Most people in early recovery are coming off a years-long period of addiction, which has likely caused a lot of damage. Financial and career problems, relationship problems, and maybe even legal problems. All those issues are still there, even when the person has stopped drinking or using drugs. Once the person struggling with substance use is able to see the damage that they’ve caused, they may want to return to the only way they know how to cope, using.

 

It’s important that the family celebrates a success. At the same time, though, we must create a real plan for long-term recovery, and we must acknowledge that a few weeks of sobriety doesn’t erase years of addiction. Deep down, most families are aware they are living in fear of the next crisis. With a short period of sobriety down, it’s time for the family and the newly recovering person to get to work.

What to expect after an intervention

 

Recovery takes time. A successful plan often involves attending treatment, months of therapy, and a lifetime commitment to change.

 

An estimated timeline of what to expect:

Day 1 – Introductory call
Current situation assessed
Safety is considered
Why now?
What are the hopes for success?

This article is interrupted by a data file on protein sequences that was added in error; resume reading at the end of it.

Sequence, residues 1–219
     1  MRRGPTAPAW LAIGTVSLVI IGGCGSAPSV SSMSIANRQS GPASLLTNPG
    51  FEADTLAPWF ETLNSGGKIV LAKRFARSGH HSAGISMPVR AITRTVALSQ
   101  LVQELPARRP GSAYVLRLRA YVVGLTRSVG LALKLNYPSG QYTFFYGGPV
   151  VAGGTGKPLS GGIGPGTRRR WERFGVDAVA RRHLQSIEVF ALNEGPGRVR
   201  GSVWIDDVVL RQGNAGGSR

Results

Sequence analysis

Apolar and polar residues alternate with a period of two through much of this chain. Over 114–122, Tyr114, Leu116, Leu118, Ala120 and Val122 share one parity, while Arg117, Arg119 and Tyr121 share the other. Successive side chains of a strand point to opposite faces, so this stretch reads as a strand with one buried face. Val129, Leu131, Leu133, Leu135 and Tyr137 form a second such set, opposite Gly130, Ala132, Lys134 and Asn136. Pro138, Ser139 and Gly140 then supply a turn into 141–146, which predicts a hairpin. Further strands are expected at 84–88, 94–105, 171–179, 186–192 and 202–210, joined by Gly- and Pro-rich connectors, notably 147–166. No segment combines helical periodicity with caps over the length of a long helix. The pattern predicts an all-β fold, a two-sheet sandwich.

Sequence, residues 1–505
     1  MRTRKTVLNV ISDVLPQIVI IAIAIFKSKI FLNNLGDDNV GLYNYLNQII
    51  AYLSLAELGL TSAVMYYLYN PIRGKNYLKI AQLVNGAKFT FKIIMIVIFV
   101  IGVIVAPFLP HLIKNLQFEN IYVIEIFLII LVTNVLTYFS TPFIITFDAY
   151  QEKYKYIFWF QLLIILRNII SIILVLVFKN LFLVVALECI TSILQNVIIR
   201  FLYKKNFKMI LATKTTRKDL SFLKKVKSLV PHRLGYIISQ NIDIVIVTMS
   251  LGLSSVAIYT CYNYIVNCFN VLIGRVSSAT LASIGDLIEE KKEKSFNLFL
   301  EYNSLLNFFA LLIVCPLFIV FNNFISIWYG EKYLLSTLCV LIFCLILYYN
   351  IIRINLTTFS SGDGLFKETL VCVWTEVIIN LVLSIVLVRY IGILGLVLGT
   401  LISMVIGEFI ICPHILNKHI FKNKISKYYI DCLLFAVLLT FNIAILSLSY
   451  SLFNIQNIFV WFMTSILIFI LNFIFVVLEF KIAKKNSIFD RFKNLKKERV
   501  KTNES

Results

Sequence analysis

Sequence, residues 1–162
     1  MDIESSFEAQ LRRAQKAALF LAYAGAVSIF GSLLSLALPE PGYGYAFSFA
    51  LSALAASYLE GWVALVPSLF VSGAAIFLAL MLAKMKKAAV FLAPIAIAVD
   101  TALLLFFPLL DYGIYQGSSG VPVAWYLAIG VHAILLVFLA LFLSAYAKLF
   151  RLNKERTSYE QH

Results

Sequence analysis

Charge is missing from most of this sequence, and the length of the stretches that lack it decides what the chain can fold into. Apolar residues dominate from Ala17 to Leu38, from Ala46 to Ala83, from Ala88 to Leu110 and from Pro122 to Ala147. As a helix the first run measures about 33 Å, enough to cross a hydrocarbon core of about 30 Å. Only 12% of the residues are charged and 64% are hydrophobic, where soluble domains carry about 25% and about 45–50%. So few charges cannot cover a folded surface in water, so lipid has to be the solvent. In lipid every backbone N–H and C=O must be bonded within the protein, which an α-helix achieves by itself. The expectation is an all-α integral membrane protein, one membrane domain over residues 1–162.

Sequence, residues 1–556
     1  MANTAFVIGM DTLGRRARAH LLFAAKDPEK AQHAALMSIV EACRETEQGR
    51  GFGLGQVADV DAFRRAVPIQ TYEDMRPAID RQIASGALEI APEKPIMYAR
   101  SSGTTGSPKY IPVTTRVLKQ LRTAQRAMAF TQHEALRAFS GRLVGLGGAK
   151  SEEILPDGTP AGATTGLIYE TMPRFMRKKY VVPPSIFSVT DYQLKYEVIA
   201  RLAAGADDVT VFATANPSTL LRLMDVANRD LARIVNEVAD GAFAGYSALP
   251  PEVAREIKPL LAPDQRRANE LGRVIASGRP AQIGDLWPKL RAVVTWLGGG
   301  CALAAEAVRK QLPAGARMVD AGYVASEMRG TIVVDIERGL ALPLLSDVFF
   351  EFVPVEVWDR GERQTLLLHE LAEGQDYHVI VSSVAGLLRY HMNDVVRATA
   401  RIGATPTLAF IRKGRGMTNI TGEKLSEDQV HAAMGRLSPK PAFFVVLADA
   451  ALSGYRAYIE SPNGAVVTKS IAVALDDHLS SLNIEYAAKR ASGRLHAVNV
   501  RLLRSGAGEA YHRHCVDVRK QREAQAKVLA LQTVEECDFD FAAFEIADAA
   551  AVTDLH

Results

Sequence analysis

Day 2 and 3 – Financial Plans
Consideration is given to the costs of different options.
Health insurance coverage is considered.

Week 1 – Family considers options
Problems around the addition may amplify.
A calm-before-the-storm is normal.

Week 2 – Family engages intervention plan
1 or 2 meetings reviewing all items a family must learn.
*review book, ‘Navigating Recovery Ground School: 12 Lessons to Help Families Navigate Recovery.
Intervention: possible transition to facility.
*High intensity

Week 3 and 4
If PoC went to treatment, transition to care, family support.
If PoC didn’t goto treatment, follow up meetings with family.
Creating a supportive environment for PoC.
Changing family dynamics’ that support addiction.
Transition to care when PoC is ready.
Two Meetings per week with family.

Month 2
PoC in treatment.
Family planning around aftercare / reintegration.
Support for re-integration.
Aftercare plan put into action, therapy, sober living, 12 step meetings, IOP.
*High intensity around reintegration

Month 3, 4, 5
Sober coaching – Choosing Recovery Syllabus.
Case management.
Soberlink.
3 meetings per week with PoC.

 

An intense and well thought out plan will be the best bet for lasting recovery.


 

About Suntra Modern Recovery and Adam Banks

 

Adam Banks is a certified interventionist at Suntra Modern Recovery. After receiving an MBA from the University of Chicago, Adam built a company that was later acquired by United Health Care. His discipline and attention to detail comes from his former career as an airline pilot, holding an ATP, the FAA’s highest license.

 

 

Adam recently co-authored Navigating Recovery Ground School: 12 Lessons to Help Families Navigate Recovery. In this lesson book Adam and John Roesch walk families through the entire intervention process. Suntra also offers a free video course for families considering hosting an intervention for a family member.